Integrative medicine and other behavioral health professions have embraced integrative practices, whereas social work has been relatively slow in responding to this change. Authors conducted an outcome literature review of randomized controlled trials (RCTs) on integrative body-mind-spirit (I-BMS) interventions from 2004 to 2014 to identify their evidence for treating diverse mental health conditions. This review used a modified Delphi list to assess methodological rigor of the studies and the California Evidence-Based Clearinghouse Scientific Rating Scale to evaluate the level of research support for individual interventions. Of the 199 RCTs, 83.1% had positive effects, 16.9% had no effects, and none had negative effects on research participants. Findings provide information pertaining to methodological rigor and the level of research support on 10 I-BMS interventions for 16 mental health conditions. Although there is empirical evidence for the use of I-BMS interventions on a range of mental health conditions, more evidence will need to be established for the less studied I-BMS interventions and for less researched problem areas. Findings have useful implications for providing practice recommendations based on the level of research support of individual I-BMS interventions. Implications for strengthening the rigor of research are discussed.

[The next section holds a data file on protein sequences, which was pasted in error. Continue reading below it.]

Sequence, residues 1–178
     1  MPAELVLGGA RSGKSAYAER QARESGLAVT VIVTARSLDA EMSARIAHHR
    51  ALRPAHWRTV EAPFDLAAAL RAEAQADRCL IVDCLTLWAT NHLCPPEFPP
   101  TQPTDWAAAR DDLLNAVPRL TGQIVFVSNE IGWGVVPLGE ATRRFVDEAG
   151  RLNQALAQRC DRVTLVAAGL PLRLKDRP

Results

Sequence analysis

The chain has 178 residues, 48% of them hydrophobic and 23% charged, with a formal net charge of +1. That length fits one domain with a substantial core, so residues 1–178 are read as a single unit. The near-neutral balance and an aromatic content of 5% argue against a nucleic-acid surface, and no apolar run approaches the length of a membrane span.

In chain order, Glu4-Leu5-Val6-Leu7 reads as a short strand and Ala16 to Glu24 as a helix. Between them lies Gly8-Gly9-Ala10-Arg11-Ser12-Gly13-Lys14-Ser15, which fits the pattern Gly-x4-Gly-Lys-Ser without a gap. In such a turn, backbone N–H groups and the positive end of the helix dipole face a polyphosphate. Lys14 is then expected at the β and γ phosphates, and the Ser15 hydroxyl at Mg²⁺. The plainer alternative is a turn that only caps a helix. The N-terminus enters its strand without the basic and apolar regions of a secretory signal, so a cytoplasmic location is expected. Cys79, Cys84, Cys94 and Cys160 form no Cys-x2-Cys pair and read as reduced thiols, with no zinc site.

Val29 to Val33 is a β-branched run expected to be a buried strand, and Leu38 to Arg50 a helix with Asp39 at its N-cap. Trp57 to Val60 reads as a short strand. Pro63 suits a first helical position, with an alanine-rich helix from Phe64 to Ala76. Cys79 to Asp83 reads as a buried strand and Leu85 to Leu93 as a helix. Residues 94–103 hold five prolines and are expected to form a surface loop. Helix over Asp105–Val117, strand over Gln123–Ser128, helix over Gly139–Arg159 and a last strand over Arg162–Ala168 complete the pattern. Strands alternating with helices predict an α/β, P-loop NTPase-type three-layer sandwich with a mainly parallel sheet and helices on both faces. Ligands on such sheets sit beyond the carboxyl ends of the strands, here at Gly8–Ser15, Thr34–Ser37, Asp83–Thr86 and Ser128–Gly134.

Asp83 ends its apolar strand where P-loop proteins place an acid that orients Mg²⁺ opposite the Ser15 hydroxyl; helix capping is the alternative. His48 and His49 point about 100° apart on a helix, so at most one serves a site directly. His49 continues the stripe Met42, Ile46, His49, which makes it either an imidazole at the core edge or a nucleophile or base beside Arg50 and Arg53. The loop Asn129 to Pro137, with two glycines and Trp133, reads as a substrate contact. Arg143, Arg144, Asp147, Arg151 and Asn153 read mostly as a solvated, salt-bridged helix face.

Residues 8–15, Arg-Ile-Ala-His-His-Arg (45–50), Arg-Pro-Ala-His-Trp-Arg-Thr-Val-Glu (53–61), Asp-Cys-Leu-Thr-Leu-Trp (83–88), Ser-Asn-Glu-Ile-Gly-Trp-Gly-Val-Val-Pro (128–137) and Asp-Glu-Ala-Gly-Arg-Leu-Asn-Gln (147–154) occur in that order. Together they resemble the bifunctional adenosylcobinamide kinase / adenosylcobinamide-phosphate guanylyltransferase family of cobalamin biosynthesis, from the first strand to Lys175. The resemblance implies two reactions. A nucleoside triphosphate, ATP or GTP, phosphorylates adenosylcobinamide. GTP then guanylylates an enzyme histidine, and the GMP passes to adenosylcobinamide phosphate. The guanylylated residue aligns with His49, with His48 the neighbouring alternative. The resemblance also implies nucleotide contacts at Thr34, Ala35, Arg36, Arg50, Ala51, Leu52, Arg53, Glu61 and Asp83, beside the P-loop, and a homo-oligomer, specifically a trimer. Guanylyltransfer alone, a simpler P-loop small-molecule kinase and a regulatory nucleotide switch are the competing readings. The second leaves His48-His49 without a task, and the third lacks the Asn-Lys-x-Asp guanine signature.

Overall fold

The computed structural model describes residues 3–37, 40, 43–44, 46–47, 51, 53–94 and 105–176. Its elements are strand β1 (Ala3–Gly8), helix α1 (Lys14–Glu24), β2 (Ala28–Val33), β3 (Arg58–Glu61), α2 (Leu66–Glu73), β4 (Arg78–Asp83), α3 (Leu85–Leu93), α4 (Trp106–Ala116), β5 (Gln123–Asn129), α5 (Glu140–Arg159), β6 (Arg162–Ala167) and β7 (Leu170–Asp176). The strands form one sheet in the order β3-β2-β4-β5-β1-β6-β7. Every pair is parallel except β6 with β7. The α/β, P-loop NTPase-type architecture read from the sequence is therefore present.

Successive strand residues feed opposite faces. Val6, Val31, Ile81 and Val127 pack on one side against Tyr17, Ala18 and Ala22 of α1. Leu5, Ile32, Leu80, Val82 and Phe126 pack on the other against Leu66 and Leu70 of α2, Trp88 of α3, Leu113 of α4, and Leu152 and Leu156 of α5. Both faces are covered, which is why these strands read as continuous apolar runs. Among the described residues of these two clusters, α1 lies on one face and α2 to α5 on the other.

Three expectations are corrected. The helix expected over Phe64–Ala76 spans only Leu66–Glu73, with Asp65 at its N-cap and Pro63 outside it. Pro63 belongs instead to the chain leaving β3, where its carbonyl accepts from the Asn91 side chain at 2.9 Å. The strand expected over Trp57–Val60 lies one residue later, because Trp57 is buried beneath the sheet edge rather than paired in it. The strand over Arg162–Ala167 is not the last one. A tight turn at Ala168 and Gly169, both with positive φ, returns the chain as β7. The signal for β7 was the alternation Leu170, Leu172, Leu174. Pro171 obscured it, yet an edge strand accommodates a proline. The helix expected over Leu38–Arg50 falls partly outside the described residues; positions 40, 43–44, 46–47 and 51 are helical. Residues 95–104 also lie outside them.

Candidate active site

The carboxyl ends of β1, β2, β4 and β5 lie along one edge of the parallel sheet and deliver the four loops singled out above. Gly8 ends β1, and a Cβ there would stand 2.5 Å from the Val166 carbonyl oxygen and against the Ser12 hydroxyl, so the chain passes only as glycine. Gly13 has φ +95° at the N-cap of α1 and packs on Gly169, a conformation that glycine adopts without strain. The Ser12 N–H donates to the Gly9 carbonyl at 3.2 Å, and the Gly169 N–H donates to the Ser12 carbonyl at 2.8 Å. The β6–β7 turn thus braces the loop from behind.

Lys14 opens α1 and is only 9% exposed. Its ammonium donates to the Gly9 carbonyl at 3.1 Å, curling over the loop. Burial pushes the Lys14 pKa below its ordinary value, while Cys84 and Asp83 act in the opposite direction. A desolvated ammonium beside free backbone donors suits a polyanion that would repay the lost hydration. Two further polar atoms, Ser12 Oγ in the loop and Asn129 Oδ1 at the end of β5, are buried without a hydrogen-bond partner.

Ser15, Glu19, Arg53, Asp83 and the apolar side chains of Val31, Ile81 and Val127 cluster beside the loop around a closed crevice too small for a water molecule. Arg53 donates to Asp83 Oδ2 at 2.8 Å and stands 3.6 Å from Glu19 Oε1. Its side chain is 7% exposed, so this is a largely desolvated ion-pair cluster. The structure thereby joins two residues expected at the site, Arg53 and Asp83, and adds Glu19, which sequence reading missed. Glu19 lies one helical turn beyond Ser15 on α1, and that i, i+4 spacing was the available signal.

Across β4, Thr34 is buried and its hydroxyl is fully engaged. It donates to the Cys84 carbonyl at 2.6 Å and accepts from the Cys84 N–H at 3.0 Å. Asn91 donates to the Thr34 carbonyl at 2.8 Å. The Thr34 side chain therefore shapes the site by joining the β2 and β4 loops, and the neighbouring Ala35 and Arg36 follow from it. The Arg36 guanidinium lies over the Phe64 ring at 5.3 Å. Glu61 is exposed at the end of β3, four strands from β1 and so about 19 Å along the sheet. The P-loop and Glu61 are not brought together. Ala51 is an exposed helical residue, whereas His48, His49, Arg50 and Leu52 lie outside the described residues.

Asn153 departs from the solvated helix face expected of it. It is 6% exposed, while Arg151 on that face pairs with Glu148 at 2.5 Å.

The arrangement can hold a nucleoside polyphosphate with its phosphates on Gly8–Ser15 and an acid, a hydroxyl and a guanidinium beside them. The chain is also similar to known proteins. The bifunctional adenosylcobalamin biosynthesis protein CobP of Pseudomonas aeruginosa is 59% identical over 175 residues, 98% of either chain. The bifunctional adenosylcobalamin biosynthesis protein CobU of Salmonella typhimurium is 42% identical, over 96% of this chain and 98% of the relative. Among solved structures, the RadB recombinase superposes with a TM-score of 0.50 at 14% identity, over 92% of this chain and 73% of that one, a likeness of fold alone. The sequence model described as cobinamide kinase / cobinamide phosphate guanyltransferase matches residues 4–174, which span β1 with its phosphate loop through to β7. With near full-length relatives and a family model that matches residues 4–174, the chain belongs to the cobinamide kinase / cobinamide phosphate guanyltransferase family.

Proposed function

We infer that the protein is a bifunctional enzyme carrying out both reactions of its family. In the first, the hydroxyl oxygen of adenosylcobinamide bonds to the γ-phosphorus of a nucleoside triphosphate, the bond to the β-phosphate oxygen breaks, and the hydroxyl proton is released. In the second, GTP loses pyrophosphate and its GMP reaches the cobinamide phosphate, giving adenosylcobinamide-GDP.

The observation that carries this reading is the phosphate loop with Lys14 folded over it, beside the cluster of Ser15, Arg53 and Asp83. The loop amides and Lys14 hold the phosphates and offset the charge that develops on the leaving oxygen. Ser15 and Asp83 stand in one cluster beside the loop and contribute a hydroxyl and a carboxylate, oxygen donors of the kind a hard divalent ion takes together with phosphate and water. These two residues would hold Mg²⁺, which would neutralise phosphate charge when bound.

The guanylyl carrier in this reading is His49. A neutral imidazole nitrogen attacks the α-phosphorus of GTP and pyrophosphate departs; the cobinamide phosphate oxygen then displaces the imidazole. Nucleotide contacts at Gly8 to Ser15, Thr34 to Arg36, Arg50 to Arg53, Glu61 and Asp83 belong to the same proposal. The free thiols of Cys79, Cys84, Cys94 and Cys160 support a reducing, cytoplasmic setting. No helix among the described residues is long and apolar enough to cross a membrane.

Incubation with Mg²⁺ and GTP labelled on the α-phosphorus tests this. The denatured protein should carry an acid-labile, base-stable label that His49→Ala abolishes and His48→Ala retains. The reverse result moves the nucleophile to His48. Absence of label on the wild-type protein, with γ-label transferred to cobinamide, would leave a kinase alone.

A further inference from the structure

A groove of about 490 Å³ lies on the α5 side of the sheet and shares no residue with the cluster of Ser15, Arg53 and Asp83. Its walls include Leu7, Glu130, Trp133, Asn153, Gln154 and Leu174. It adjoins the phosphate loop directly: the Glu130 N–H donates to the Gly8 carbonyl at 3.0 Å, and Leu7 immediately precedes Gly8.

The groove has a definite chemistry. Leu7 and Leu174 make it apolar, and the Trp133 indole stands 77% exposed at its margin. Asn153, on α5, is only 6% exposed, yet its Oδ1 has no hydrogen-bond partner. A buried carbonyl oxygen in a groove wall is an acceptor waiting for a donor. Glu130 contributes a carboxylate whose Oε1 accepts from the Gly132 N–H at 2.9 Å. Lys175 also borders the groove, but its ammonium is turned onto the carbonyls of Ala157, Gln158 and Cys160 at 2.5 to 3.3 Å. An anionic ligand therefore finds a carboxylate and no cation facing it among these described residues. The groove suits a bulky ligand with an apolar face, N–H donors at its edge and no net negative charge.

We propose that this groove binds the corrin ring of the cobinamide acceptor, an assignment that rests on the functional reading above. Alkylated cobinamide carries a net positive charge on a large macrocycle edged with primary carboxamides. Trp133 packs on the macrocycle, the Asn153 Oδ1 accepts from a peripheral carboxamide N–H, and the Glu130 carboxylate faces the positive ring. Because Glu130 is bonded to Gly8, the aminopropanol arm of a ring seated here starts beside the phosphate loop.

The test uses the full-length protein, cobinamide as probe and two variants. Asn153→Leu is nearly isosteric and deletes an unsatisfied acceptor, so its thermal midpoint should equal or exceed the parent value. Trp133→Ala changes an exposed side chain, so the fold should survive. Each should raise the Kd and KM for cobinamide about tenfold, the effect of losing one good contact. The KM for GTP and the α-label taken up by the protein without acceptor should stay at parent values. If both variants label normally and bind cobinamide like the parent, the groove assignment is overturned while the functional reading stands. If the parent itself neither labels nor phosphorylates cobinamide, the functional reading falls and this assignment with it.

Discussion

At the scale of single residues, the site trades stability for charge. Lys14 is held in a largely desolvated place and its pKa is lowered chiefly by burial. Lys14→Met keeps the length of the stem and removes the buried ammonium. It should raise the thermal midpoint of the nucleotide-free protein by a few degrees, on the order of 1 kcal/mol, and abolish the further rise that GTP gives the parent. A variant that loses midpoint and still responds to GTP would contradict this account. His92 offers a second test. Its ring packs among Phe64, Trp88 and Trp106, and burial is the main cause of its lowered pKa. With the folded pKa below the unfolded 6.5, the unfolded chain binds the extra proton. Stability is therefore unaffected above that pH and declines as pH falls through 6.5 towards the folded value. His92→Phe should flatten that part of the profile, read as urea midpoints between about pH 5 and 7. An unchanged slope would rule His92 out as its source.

- Integrative body-mind-spirit practices
- Outcome literature review
- Social work practice
ASJC Scopus subject areas
- Sociology and Political Science